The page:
San Francisco in the media
Jed Perl in The New Republic:
From Los Angeles I went up to San Francisco, and it is more or less the same story. Everybody rushes to the Museum of Modern Art and the De Young, two overblown buildings with sporadically important collections, while the most beautiful museum in the city---the Legion of Honor, in which masterpieces by Watteau, Le Nain, and Seurat have been given a thrillingly elegant installation---is hardly ever mentioned.
The usually reliable Christopher Hitchens misses the mark in Vanity Fair:
In San Francisco in 1972, the opening of the Transamerica Pyramid (or maybe one should call it a narrowed and elevated polyhedron) was subjected to howls of outrage. This was partly because an earthquake-prone city was dubious about 853-foot edifices, partly because the building itself was neither here nor there architecturally and constituted a bit of a monstrosity, but most of all because it directly abutted the discreet, diverse, cluttered streets of North Beach and Chinatown and loomed annoyingly where no looming was needed. Once again, the appalling erection of a series of cigarette-box buildings along the San Francisco waterfront has made the Transamerica tower seem full of character and style by comparison, and once again, it’s widely if not universally agreed that nobody starting now would put that building in that part of town. The lesson has been learned. Why can’t Manhattan, the special island of coexistence between high-rise and low-rise, get this most obvious point?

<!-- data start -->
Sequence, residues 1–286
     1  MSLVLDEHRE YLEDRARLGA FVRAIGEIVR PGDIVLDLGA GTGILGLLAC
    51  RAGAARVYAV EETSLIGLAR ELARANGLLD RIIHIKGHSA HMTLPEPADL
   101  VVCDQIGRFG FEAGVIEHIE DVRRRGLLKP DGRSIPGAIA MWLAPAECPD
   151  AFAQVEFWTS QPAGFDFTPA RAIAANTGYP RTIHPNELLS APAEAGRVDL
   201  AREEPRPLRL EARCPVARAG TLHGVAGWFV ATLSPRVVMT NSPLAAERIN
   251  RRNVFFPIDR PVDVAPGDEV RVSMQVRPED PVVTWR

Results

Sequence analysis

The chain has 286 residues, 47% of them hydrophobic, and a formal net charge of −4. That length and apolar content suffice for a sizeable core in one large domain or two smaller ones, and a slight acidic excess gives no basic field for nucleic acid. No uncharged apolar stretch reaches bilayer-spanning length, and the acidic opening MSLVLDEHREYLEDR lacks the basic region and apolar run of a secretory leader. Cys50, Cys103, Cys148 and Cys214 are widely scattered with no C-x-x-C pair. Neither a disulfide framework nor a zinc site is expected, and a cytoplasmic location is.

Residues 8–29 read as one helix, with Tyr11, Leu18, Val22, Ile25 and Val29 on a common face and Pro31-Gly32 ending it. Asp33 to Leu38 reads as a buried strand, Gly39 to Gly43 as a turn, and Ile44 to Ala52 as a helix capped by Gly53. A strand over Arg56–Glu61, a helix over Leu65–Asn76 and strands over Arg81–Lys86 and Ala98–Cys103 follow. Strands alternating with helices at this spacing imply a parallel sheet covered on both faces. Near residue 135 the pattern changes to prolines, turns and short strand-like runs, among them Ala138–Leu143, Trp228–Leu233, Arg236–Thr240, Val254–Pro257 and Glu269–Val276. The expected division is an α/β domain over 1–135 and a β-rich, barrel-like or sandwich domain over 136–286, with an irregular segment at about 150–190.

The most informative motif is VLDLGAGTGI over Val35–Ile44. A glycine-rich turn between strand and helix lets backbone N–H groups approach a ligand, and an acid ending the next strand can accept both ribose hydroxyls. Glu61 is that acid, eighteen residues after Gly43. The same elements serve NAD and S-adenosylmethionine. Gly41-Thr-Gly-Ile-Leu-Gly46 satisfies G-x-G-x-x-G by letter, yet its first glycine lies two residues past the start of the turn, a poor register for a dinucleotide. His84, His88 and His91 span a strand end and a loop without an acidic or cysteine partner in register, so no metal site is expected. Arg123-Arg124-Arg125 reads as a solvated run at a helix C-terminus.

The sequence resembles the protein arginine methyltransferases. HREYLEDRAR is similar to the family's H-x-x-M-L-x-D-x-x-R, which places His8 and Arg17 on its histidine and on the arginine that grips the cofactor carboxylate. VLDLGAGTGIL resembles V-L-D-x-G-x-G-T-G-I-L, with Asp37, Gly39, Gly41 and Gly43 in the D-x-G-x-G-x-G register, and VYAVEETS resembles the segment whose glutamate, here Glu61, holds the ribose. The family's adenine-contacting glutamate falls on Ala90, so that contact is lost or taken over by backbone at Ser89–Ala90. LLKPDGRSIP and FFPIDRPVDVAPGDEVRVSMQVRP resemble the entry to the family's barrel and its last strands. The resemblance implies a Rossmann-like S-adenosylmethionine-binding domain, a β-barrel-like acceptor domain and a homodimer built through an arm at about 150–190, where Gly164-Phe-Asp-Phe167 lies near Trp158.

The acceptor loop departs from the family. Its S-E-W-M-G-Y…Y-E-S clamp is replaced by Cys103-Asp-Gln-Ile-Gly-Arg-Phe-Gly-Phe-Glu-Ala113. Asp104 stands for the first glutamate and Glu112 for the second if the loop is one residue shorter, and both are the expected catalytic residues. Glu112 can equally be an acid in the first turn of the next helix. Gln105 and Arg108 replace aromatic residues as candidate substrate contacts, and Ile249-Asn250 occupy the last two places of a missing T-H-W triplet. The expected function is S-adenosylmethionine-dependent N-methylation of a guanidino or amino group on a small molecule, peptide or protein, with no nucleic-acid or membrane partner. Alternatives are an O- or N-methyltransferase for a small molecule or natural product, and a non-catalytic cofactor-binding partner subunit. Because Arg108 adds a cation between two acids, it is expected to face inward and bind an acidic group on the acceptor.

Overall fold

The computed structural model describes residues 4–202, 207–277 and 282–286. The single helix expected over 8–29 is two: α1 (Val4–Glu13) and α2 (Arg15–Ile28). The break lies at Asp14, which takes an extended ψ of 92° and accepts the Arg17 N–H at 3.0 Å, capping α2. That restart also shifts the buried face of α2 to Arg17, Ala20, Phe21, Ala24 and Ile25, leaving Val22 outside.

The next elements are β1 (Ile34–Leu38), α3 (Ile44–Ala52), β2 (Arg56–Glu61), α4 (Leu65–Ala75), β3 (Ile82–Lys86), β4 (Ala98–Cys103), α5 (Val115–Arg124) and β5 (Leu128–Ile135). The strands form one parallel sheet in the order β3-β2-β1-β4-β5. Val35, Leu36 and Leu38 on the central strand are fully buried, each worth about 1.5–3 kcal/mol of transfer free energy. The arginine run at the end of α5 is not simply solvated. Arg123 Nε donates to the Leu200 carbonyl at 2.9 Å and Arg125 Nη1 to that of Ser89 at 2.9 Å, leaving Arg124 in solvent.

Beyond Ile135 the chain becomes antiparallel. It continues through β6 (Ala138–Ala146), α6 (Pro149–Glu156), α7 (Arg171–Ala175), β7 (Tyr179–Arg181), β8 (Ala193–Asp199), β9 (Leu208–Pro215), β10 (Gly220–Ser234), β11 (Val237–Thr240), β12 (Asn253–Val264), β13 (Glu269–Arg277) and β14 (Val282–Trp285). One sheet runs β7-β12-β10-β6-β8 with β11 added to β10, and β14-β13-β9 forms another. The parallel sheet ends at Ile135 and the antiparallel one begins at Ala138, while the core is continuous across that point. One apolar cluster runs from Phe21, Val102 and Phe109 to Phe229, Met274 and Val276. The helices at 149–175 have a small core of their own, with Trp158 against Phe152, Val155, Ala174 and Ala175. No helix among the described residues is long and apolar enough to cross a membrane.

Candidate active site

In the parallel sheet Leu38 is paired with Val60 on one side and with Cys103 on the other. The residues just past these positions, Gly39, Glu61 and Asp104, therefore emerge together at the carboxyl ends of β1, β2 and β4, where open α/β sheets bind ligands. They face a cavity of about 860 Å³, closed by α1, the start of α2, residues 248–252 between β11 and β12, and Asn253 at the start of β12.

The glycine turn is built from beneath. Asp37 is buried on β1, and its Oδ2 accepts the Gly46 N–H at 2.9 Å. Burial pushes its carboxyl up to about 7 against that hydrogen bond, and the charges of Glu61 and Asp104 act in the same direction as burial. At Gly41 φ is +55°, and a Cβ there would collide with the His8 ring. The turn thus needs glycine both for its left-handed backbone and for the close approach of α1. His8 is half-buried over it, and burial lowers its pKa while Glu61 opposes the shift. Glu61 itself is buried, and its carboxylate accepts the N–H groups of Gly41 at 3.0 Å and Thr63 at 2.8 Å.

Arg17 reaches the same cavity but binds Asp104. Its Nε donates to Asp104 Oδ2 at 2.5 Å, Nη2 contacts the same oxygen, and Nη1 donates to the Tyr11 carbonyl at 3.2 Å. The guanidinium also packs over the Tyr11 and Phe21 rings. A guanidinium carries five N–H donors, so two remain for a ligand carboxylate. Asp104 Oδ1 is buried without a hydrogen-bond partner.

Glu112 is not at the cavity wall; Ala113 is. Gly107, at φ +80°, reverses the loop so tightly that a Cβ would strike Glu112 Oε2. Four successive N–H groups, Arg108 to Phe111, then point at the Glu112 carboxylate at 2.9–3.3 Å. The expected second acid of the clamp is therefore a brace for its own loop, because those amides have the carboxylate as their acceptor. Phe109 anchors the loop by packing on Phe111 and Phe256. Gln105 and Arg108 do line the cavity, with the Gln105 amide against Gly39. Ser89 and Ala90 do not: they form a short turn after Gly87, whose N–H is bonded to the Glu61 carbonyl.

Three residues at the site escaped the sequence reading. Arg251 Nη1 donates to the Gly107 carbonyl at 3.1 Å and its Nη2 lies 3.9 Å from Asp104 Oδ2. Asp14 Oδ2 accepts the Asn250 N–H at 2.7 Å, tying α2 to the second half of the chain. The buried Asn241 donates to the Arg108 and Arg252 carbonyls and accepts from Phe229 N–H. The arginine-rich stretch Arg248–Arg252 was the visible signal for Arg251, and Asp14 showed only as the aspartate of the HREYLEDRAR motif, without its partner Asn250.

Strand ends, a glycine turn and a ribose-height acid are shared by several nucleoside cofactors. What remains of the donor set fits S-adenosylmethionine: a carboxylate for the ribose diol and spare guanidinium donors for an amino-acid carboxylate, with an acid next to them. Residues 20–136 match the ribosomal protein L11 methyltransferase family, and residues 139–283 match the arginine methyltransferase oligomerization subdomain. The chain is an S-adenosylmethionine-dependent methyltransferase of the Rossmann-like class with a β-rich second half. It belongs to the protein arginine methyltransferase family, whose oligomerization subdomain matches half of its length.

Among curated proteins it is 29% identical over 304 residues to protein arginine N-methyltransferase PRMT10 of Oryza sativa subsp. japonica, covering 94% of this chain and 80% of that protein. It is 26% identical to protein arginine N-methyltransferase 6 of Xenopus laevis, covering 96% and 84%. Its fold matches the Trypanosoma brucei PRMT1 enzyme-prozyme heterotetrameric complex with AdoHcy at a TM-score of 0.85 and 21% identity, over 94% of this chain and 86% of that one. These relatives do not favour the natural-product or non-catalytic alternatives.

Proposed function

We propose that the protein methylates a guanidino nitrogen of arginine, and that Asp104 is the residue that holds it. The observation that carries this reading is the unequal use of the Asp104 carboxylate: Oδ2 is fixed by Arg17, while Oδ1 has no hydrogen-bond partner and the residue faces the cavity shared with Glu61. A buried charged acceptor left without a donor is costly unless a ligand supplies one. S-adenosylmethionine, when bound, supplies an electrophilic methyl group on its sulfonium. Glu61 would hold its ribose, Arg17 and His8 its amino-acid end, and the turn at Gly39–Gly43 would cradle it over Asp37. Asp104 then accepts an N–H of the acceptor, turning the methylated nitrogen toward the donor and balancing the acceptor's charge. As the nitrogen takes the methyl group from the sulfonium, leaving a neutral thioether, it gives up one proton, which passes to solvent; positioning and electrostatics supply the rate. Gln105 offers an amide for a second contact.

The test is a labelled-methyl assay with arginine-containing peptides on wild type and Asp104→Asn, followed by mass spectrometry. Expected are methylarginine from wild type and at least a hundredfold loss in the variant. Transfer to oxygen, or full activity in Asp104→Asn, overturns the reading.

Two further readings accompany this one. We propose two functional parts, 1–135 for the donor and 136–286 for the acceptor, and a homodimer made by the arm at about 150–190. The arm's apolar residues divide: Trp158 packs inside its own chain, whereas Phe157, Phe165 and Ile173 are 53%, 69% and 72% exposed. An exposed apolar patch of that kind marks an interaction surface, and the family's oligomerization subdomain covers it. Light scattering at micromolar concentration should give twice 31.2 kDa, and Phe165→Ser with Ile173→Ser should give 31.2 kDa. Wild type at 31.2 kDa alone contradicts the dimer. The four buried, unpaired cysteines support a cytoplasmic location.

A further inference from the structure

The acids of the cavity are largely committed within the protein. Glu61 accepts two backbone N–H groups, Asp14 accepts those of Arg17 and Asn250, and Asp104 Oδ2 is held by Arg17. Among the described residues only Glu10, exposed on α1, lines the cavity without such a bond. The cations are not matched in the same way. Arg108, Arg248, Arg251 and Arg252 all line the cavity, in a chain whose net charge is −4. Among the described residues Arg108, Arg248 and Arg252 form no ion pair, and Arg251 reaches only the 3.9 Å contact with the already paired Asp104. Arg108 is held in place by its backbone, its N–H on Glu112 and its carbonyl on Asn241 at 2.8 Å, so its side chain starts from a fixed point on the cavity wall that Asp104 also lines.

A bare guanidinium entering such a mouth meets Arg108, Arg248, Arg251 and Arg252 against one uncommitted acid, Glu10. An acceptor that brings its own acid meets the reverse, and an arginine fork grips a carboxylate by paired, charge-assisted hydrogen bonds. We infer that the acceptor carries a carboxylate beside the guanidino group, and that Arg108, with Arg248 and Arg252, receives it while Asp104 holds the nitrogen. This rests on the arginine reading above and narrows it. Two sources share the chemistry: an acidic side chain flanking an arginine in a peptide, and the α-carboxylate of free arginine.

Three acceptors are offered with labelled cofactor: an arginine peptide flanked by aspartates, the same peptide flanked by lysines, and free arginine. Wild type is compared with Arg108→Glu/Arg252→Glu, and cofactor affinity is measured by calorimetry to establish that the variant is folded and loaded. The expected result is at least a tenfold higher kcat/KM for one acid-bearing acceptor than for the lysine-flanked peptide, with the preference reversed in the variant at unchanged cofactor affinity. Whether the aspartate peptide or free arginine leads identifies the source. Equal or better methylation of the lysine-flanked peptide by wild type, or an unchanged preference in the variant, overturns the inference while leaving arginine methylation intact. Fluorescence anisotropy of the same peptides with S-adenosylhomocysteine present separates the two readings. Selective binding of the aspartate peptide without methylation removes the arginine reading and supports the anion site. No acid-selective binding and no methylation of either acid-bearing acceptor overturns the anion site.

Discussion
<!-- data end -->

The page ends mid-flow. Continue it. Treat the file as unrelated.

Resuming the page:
Exactly what "lesson has been learned" by San Francisco? That highrises anywhere near North Beach are unacceptable? Supervisor Peskin likes highrises, as long as they aren't in North Beach, which happens to be where he lives. He and Supervisor Daly---and of course Supervisor Mirkarimi---think they're just fine South of Market on Rincon Hill and at Market and Van Ness, where the city wants to put four 40-story highrises as part of the Market/Octavia Plan, not to mention the 100-story building planned for the new downtown terminal. The anti-highrise battle in SF of a previous generation was waged against office buildings, but residential highrises are presumably okay now because---have you heard?---We Need Housing.